by Jen Minkman
Kindle Edition – Read June 21, 2013
Length: 138 pages
‘I walk toward the sea. The endless surface of the water extends to the horizon, whichever way I look.
Our world is small. We are on our own, and we only have ourselves to depend on. We rely on the Force deep within us, as taught to us by our forefathers.
If I were to walk westward from here, I would come across a barrier – the Wall.
Behind it, there are Fools. At least, that’s what everyone says.
I have never seen one.’
Leia lives on the Island, a world in which children leave their parents to take care of themselves when they are ten years old. Across this Island runs a wall that no one has ever crossed. The Fools living behind it are not amenable to reason – they believe in illusions. That’s what The Book says, the only thing left to the Eastern Islanders by their ancestors.
But when a strange man washes ashore and Leia meets a Fool face to face, her life will never be the same. Is what she and her friends believe about the Island really true?
Or is everyone in their world, in fact, a Fool?
Ok…oh how do I describe this book/novella. No where do I start. Let’s go with the good, I love dystopian novels, I love the imagined world that authors create that envision how the world as we know it would end and how the people left would carry on. This book takes a twist on the level of kids being separated at a young age from their parents to make it on their own. The writing is wonderful and I love how it all ends, but I can’t really talk about any of that without spoilers. The characters are interesting, but there is too much going on to have this as a novella, there is too much background to limit these characters. I think that if this were full length that I could invest more into the story, into the world but there was too much to really do that. I wish I would have realized that this was a Star Wars related story (totally should have realized that when mentioning “The Force”) but when you get to the point where the characters describe their religion, I said “You have got to be kidding me”. Mostly because in all the hubbub of chaos on the island we add in this really weird aspect which makes the story kind of hard to get into. I know that’s harsh, but even though the writing was done really well, the story itself just was kind of . . . hard to take seriously. Would I read other stuff by this author? Probably, I would hope that other writings would fit together better than “The Island”.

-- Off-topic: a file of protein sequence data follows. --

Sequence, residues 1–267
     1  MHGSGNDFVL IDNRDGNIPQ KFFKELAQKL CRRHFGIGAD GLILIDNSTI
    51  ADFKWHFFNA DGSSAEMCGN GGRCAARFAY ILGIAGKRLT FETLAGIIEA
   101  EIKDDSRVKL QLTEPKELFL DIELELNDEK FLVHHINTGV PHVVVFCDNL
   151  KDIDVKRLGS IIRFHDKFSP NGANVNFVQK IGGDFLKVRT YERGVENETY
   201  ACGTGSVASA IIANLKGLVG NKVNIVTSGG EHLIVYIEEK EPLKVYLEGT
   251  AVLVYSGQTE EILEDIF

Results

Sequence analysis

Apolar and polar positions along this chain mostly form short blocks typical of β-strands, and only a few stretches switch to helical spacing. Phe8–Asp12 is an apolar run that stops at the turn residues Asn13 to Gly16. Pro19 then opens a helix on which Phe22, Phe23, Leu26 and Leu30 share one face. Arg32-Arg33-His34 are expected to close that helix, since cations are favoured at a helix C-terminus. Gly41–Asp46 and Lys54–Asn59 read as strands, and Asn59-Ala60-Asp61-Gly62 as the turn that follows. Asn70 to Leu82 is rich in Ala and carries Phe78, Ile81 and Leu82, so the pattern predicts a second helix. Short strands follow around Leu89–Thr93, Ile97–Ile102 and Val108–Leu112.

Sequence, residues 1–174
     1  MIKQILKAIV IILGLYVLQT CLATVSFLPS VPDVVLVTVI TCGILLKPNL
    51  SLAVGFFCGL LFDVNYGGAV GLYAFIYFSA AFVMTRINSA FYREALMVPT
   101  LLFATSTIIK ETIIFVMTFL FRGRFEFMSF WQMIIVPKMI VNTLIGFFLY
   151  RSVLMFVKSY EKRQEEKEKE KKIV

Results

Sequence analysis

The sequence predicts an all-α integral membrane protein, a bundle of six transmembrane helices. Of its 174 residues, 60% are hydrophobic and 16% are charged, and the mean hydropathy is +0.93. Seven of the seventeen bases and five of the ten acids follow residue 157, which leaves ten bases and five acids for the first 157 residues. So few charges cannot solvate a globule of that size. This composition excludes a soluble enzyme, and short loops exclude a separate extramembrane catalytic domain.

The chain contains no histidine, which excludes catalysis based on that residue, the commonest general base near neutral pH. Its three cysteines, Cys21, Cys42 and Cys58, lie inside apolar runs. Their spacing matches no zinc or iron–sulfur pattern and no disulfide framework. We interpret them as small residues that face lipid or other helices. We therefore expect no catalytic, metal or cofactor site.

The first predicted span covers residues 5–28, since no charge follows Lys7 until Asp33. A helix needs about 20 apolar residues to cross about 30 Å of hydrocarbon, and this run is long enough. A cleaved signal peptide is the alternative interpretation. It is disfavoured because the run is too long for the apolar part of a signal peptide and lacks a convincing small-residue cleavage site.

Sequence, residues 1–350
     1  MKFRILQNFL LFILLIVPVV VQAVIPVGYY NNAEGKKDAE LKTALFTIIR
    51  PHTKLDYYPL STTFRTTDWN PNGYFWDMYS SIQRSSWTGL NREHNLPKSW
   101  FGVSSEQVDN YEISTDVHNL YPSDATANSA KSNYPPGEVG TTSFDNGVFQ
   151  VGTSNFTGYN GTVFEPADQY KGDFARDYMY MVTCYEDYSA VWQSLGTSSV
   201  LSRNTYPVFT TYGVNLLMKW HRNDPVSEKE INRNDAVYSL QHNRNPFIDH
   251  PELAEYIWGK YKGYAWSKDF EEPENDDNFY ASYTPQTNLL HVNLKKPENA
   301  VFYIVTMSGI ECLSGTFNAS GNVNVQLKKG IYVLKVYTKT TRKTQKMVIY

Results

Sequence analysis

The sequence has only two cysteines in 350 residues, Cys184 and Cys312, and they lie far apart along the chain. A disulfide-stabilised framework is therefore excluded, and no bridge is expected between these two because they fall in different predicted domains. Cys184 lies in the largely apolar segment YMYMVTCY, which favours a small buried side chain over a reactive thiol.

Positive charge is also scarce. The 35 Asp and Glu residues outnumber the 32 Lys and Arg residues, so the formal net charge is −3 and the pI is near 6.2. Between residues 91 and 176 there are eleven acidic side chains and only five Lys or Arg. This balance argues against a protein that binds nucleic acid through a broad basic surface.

(I did receive this book free for an honest review)